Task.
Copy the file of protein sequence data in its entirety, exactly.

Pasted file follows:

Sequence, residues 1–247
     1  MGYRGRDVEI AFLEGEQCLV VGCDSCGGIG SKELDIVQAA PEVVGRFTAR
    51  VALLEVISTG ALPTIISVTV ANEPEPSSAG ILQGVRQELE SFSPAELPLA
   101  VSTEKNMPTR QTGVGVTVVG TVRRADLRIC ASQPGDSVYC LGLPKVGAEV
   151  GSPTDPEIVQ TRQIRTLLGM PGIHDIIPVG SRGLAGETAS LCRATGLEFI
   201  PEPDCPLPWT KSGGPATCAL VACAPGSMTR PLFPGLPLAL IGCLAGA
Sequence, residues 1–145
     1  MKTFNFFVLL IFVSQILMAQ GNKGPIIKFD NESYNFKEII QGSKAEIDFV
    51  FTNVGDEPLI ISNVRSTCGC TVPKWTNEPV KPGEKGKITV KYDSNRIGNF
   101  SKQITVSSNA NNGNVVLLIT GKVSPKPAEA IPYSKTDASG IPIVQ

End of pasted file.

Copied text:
Sequence, residues 1–247
     1  MGYRGRDVEI AFLEGEQCLV VGCDSCGGIG SKELDIVQAA PEVVGRFTAR
    51  VALLEVISTG ALPTIISVTV ANEPEPSSAG ILQGVRQELE SFSPAELPLA
   101  VSTEKNMPTR QTGVGVTVVG TVRRADLRIC ASQPGDSVYC LGLPKVGAEV
   151  GSPTDPEIVQ TRQIRTLLGM PGIHDIIPVG SRGLAGETAS LCRATGLEFI
   201  PEPDCPLPWT KSGGPATCAL VACAPGSMTR PLFPGLPLAL IGCLAGA
Sequence, residues 1–145
     1  MKTFNFFVLL IFVSQILMAQ GNKGPIIKFD NESYNFKEII QGSKAEIDFV
    51  FTNVGDEPLI ISNVRSTCGC TVPKWTNEPV KPGEKGKITV KYDSNRIGNF
   101  SKQITVSSNA NNGNVVLLIT GKVSPKPAEA IPYSKTDASG IPIVQ